DETROIT – It’s been two years since a drunk driver took the lives of a Metro Detroit family.
In January 2019, the Abbas family, from Northville with deep ties to Dearborn, was traveling on I-75 in Lexington, Kentucky, returning to Michigan from a trip to Florida when they were hit by a wrong-way drunk driver.
All five in the vehicle, Issam Abbas, 42, Rima Abbas, 38, Ali Abbas, 14, Isabella Abbas, 13, and Giselle Abbas, 7, died.
Michigan U.S. Rep. Debbie Dingell (D-MI 12) introduced legislation in honor of the Abbas family back in 2019, pushing to require the commercialization and standards for passive alcohol detection systems in all new cars.
On Thursday, the two year anniversary of the crash, Dingell renewed her call for the reform.
“The beautiful, young Abbas family was stolen from us by a drunk driver who never should have been behind the wheel of a car. Two years after they were killed, we were joined today by their friends and family to call on Congress to act and prevent a similar tragedy from ever taking place again. We have the technology to save lives, it’s time we use it.”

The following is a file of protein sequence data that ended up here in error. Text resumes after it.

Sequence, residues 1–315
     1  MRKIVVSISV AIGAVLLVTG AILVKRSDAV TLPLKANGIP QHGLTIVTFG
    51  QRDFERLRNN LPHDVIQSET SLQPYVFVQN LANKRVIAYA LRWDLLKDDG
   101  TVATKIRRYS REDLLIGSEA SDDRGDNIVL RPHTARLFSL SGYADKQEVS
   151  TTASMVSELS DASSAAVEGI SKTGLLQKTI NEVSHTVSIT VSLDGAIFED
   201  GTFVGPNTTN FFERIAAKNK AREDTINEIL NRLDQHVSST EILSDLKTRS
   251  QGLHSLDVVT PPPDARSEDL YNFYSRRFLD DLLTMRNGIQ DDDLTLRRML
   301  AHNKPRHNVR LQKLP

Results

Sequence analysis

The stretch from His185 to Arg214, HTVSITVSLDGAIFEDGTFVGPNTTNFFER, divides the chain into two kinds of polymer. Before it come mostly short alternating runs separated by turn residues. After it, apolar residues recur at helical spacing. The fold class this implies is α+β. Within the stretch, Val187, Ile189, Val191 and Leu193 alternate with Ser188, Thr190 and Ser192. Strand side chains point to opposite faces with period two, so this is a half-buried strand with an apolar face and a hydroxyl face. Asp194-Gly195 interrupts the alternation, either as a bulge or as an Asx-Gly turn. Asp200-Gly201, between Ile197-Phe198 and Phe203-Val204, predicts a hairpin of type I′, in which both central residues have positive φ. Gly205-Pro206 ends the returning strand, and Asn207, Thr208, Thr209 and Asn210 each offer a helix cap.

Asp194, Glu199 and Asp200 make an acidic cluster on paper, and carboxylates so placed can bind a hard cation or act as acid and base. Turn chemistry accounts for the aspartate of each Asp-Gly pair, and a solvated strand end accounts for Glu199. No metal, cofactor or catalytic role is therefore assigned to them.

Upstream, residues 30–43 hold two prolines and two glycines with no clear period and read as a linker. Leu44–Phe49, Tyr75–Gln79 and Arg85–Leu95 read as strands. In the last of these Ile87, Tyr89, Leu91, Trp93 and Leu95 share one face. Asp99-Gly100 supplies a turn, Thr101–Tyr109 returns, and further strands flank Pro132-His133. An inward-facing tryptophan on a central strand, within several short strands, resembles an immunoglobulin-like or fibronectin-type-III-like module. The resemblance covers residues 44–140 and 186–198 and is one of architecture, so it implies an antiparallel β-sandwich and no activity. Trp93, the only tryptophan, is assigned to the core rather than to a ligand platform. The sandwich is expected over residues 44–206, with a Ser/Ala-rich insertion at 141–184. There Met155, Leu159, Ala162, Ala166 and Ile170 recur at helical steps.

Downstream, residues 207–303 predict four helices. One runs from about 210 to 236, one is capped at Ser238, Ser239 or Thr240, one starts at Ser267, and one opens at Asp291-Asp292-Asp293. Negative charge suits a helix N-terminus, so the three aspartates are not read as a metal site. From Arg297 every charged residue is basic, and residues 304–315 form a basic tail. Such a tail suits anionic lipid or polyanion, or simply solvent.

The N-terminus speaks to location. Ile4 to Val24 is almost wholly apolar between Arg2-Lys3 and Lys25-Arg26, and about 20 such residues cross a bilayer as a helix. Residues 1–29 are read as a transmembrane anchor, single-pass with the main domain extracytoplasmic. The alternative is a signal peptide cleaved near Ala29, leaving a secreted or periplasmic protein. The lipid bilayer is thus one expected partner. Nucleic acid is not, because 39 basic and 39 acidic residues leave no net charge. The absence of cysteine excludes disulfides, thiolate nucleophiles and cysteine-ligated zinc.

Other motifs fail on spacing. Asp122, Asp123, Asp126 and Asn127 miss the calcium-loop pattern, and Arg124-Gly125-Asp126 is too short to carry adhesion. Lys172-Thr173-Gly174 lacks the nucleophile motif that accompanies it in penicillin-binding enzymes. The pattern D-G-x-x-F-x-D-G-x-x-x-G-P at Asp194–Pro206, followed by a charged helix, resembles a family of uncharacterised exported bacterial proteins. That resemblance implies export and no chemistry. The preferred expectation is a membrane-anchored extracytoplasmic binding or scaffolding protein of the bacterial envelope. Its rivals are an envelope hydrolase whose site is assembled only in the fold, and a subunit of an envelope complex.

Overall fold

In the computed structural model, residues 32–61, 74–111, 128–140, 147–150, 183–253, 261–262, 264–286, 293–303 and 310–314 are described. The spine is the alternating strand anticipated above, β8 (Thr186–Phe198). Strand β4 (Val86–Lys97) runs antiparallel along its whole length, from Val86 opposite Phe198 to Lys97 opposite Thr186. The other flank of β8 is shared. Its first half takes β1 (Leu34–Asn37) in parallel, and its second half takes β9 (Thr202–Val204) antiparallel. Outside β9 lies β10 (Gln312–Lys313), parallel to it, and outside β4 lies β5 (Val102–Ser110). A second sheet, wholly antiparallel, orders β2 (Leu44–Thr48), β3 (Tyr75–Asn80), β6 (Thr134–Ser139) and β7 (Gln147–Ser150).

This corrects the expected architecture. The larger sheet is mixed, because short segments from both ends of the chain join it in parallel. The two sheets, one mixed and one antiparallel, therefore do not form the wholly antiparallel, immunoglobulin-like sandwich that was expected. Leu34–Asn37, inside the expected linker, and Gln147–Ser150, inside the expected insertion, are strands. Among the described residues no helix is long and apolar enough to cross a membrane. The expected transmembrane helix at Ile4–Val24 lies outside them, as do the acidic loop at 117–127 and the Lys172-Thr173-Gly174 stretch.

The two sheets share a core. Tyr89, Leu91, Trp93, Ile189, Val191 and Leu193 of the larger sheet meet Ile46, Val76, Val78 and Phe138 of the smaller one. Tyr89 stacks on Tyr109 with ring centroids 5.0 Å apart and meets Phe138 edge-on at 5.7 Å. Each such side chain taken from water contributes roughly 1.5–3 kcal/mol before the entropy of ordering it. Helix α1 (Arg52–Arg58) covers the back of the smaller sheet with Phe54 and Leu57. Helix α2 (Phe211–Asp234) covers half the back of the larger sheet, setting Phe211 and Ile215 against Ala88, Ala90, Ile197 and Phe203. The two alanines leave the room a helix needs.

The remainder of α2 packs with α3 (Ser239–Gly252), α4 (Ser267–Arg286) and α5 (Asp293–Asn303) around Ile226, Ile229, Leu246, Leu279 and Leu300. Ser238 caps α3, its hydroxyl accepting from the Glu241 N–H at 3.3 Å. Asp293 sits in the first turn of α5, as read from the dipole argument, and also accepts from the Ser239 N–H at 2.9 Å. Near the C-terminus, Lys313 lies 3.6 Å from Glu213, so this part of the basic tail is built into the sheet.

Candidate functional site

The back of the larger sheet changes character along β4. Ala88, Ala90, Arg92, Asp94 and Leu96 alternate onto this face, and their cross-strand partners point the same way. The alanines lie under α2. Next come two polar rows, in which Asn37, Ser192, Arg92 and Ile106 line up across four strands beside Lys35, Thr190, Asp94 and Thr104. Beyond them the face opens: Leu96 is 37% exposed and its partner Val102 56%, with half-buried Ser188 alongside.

In 2019, more than 10,100 people died in drunk driving crashes in the United States. The Insurance Institute for Highway Safety released a study in July 2020 which found that more than 9,400 drunk driving deaths could be prevented each year when drunk driving prevention technology is made standard on every new car.
Legislation Introduced Calling for Drunk Driving Safety & Technology Standards
- The fastest way to achieve the goal of making drunk driving prevention systems standard in every vehicle is through federal regulation.
- The U.S. government must establish a safety rulemaking process that drives the development of effective technologies and mandates their installation in all new vehicles.
- Congresswoman Debbie Dingell’s HALT (Honoring Abbas Family Legacy to Terminate Drunk Driving) Act in the last Congress called for a process leading to drunk driving prevention technology as standard equipment in new vehicles in a few years.
- The House of Representatives passed this measure in 2020.
- A similar Senate measure, the RIDE (Reduce Impaired Driving for Everyone) Act was pending with bipartisan support before the Senate Commerce, Science and Transportation Committee when the 116th Congress ended.
- Congresswoman Dingell and Senate sponsors will reintroduce legislation in the 117th Congress in 2021.